The Quarterly Publication of Individuals Who Have Chosen to Expatriate for Q1 2018 has just been placed on public inspection for printing in Tuesday’s Federal Register, eight days later than required by 26 USC § 6039G(d). This is the seventh quarter in a row in which the IRS has been late with the list.
This quarter’s IRS expat honour roll has the names of 1,100 people who gave up US citizenship, by my count. (Andrew Mitchel counted 1,099. My initial count was 1,102, because I accidentally counted two very long names as four entries.) Meanwhile, the number of records in the “renounced US citizenship” category of the FBI’s National Instant Criminal Background Check System (NICS) increased by precisely 1,100 during the first three months of the year, from 42,693 to 43,793. (The FBI added another 341 records in April, bringing the total to 44,131.)
The IRS list is known to be incomplete. It’s supposed to be much larger than the NICS list, not exactly the same size, let alone smaller. Per regulations, NICS only contains people who terminated their US citizenship by swearing an oath of renunciation at a US embassy or consulate. In contrast, the IRS’ list is supposed to have the names of all people who obtained Certificates of Loss of Nationality from the State Department, either by swearing an oath of renunciation or by reporting any other relinquishing act specified in 8 USC § 1481(a). The preamble of the IRS list even misleadingly implies that it includes some of the tens of thousands of people who give up their green cards every year.
Demonstrating the point, this quarter’s IRS list still failed to include some public figures who gave up US citizenship more than a year ago, including Japanese legislator Kimi Onoda and Ghanaian Deputy Minister of Finance Charles Adu Boahen. However, Homelanders and their chieftains don’t care about that. They’re dissatisfied with NICS instead, so there’s some provisions in the new spending bill imposing penalties on heads of upstream agencies, including the State Department, if they fail to certify semi-annually that they’re providing NICS with all the records they should be. More about that below.
Increases in NICS transparency coming soon?
For the past five years, we’ve been relying on NICS to provide a baseline for comparison to the IRS’ expat honour roll, to try to see if the latter is honestly reporting the names of all ex-citizens. However, the State Department’s reporting of renunciants to NICS hasn’t always been particularly timely either: for example, in October 2012, State added more than three thousand renunciant records to NICS, but when Patrick Cain at Global News asked them about it, they explained that the State Department was clearing a backlog of about 2,900 records (though it wasn’t explained how long the backlog had been running). The FBI spokesman’s explanation of another large jump in the number of records two years later was even terser and less informative: State was “working on updating this file”, he said.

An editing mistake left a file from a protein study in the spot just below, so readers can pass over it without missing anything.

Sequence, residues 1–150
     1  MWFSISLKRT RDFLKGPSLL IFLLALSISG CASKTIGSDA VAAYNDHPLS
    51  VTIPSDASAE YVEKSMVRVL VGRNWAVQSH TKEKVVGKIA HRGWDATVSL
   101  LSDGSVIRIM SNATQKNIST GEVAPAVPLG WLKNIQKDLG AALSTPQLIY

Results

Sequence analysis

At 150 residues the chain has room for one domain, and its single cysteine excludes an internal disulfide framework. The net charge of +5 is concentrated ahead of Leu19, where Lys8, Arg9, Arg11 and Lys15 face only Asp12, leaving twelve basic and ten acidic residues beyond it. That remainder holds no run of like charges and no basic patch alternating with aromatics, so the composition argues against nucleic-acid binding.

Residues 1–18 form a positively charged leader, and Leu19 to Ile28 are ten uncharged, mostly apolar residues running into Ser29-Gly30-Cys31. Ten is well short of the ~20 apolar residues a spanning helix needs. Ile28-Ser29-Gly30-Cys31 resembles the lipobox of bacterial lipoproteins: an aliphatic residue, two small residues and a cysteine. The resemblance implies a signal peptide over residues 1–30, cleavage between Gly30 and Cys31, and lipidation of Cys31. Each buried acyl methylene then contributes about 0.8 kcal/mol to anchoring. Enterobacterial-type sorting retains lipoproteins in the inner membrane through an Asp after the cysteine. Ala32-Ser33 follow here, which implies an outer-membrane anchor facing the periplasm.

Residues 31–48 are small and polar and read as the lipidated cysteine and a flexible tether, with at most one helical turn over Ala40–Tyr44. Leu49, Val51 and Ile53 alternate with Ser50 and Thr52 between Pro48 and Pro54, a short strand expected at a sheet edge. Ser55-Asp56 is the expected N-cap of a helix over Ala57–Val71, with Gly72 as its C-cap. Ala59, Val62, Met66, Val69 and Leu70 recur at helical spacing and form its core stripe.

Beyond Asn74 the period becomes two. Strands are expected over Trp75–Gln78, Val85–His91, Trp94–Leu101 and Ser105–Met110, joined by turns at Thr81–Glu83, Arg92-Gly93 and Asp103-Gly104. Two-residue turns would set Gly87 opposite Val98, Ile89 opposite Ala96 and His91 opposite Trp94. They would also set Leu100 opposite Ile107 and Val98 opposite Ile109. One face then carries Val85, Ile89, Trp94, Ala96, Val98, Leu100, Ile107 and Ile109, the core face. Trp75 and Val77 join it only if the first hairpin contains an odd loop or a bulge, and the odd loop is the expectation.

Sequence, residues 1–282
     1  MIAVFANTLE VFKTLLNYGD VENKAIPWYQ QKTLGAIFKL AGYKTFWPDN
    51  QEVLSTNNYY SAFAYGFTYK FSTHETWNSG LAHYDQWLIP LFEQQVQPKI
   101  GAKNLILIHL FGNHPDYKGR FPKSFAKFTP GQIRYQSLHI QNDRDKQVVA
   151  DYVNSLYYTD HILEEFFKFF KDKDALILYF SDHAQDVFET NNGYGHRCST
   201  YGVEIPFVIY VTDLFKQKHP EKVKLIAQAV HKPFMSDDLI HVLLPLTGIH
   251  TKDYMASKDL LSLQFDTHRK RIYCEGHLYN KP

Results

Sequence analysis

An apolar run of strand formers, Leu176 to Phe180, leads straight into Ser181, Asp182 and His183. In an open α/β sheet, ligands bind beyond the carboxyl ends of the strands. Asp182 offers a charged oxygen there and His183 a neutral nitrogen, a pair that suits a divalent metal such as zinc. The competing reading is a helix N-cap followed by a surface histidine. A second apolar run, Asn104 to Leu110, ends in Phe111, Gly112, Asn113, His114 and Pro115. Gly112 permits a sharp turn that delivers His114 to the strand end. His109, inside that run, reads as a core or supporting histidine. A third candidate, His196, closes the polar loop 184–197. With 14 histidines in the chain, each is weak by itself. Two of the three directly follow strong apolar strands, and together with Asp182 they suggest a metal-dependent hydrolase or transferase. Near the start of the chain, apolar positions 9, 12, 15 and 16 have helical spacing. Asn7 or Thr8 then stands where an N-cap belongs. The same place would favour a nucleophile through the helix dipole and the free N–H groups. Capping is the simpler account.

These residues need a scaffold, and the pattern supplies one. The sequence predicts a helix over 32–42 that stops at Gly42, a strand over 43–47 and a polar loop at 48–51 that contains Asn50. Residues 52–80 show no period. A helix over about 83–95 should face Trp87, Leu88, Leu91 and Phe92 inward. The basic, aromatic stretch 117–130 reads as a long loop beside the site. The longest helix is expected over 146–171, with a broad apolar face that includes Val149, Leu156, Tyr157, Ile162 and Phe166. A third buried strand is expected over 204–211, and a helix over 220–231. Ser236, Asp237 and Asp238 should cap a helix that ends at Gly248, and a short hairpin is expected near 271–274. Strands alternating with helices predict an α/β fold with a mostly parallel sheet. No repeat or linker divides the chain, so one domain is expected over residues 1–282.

In short, up until now we’ve had no guarantee that NICS statistics are any more reliable than IRS statistics. But that might change, because chief
spy diplomat-to-be Mike Pompeo’s bonus is on the line if it doesn’t. Section 602 of the Fix NICS Act of 2018 (Title VI of the FY2018 spending bill that got signed into law in late March) requires State to certify to the Department of Justice every six months, starting from 31 July of this year, the total number of renunciant records they have, the number they’ve submitted to DOJ for inclusion in NICS, and their plan to make sure the second number doesn’t fall too far behind the first number. The DOJ will also be required to make public a “summary of the data, broken down by department or agency, contained in the certifications”.
And, much unlike the toothless 26 USC § 6039G(d), which the “Internal” Revenue Service violates with impunity, there’s some actual penalties for not obeying this new law:
(I) NONCOMPLIANCE PENALTIES.—For each of fiscal years 2019 through 2022, each political appointee of a Federal department or agency that has failed to certify compliance with the record submission requirements under subparagraph (C), and is not in substantial compliance with an implementation plan established under subparagraph (G), shall not be eligible for the receipt of bonus pay, excluding overtime pay, until the department or agency—
(i) certifies compliance with the record submission requirements under subparagraph (C); or
(ii) achieves substantial compliance with an implementation plan established under subparagraph (G).
Formally relinquishing citizenship has become difficult to such an absurd degree that other countries’ legislators have started complaining. But actually complying with the US tax code while living abroad is impossible — and there is no reward for trying, only punishment.
Most self-identifying Americans abroad just pretend to comply by skipping the hardest forms and filing only the easy ones, which have the wrong numbers on them as a result. Some of these people will get very angry if you even inform them of the existence of those harder forms, and accuse you of lying about how hard it is to comply. The only way for them to preserve their faith in their civic religion is to ignore its more absurd doctrines.
And the other US tax subjects who don’t identify as “Americans abroad” — people who never realised they might be US citizens in the first place, and people who thought they’d stopped being US citizens long ago — are just doing their best to hide.
This quarter we have 1,102 names of people who couldn’t hide and couldn’t pretend to comply. Nearly $2.6 million of fee revenue for the State Department. But that $2.6 million is dwarfed by what accountants and lawyers — the privatised Inquisition of the Homeland’s civic religion — are earning from this whole mess.